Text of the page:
CO: Of all the stories and accomplishments of the last 25 years, what one, for you, best expresses the spirit of Coptic Orphans?

AM: What impresses me most about Coptic Orphans is how they’ve stood the test of time. There have been times where they didn’t have an easy time getting where they wanted to be, but they’ve understood exactly what their goals are, and they’ve gone about reaching them in a very methodical and logical way, not getting emotional at all about anybody or anything that’s in their way, and difficulties they’ve run into.

They’ve really stood very steadfastly in the face of adversities, whether those were in the United States or abroad. They’ve really been very, very steady, and that’s why they’ve succeeded, and never at any time have they lost their focus. Their focus is the children  they’ve never bothered about any of what I call background noise.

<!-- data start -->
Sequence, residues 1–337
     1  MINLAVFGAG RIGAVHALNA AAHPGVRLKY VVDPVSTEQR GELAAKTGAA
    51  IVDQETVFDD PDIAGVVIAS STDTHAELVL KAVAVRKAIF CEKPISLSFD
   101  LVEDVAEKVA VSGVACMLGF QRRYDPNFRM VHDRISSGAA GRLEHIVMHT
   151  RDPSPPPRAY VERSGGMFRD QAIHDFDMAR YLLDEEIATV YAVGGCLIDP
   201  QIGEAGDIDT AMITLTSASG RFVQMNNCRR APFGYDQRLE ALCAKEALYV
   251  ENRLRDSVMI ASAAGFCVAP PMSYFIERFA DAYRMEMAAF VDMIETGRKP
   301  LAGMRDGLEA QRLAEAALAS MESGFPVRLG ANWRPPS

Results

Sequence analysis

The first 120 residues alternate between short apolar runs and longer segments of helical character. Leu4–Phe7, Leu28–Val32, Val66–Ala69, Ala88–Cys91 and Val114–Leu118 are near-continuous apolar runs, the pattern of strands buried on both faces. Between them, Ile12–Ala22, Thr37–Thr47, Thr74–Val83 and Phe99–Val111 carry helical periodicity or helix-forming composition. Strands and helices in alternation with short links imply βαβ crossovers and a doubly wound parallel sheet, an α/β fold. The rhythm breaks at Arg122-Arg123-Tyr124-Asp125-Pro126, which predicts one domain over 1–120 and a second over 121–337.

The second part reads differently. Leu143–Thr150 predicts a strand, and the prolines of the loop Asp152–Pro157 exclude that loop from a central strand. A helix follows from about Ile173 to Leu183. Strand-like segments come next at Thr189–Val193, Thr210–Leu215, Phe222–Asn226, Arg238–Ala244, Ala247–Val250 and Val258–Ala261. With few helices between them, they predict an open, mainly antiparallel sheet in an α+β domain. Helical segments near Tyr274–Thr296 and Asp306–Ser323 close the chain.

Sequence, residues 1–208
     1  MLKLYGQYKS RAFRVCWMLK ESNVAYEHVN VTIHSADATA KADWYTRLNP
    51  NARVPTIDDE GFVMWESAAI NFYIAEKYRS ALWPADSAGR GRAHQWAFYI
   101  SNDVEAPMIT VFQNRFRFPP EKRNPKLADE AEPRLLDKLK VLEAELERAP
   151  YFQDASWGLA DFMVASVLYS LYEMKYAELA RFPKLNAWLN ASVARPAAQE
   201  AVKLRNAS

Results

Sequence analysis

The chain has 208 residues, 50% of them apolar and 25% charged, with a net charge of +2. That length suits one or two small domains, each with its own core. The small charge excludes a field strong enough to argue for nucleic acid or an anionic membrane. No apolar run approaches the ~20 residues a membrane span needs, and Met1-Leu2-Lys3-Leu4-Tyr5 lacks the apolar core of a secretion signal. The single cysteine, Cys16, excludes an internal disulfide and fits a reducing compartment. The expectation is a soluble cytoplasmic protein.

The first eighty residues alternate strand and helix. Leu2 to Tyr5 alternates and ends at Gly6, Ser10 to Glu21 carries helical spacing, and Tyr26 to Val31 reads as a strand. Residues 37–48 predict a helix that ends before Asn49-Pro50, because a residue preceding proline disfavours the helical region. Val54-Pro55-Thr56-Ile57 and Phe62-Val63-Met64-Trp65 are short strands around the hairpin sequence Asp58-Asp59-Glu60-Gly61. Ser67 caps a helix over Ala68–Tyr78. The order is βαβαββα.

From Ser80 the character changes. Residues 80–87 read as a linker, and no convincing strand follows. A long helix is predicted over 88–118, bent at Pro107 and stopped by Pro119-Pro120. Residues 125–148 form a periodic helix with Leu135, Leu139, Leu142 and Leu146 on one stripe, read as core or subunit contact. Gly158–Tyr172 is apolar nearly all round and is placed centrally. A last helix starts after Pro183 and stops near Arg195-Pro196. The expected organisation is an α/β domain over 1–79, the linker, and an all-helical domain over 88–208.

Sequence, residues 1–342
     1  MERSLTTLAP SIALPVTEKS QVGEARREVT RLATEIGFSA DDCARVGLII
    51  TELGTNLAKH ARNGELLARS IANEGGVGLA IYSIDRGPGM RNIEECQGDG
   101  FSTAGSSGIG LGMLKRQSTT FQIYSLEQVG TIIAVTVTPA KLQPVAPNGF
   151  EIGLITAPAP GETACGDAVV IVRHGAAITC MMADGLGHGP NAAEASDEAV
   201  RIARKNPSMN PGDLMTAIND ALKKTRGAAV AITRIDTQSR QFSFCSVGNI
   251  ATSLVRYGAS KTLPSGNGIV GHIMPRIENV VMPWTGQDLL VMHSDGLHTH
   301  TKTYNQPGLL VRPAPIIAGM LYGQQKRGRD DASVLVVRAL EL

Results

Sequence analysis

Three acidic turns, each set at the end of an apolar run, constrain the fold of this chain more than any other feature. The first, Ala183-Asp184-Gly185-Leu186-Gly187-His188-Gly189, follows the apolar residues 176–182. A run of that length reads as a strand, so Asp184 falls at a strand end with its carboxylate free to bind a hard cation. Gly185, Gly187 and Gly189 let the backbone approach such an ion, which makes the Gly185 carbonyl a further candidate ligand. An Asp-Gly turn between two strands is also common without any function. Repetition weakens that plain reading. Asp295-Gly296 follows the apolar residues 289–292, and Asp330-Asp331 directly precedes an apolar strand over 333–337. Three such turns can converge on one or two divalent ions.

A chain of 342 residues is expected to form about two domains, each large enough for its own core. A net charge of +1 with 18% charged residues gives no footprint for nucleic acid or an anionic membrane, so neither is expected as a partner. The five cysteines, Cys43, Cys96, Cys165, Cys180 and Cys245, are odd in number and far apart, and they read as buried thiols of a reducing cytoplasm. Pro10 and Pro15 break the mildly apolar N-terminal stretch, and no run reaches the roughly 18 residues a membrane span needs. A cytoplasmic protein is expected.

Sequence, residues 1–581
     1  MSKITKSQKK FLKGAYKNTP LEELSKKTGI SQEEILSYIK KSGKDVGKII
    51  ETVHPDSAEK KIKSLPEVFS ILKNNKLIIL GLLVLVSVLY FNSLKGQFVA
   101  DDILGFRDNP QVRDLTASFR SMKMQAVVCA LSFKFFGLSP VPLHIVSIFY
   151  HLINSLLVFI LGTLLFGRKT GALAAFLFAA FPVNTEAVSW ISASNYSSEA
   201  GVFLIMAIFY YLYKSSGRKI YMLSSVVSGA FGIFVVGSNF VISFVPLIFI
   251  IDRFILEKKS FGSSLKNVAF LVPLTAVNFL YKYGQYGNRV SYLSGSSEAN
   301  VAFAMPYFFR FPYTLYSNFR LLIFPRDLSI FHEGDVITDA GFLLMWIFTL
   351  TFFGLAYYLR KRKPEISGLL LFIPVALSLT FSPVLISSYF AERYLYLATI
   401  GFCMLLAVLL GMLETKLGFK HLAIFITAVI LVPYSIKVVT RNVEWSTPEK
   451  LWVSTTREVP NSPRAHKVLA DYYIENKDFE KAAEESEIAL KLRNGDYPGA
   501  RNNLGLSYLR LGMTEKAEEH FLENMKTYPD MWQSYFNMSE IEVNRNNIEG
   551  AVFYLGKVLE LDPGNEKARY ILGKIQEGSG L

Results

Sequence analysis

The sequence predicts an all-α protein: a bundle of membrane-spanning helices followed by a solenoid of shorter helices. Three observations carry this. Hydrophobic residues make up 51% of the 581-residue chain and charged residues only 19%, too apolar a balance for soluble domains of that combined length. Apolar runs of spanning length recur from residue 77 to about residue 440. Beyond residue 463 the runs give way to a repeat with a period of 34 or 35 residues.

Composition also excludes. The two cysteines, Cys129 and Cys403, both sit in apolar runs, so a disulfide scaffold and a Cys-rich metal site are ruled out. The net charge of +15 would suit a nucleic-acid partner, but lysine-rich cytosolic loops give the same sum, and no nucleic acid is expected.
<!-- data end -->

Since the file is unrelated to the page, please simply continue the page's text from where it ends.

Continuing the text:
There are many stories that have touched my heart. I’ve been struck by my visits with the individual families with whom Coptic Orphans is involved, and by the Reps in Egypt. They are extraordinarily dedicated and humble, and they’re willing to go the extra mile. This is what’s really touched my heart.

CO: The last quarter-century has seen many organizations close, instead of growing and offering more to the community. What makes Coptic Orphans different?

AM: Coptic Orphans is always innovative. But before that, first of all, is their faith in God and their faith in their mission. That’s what they’re focused on, and that’s very important.

Second, the organization itself does not depend on one person. It’s really broad-based. It depends on local structures, the local Reps, who are close to the people who are being served.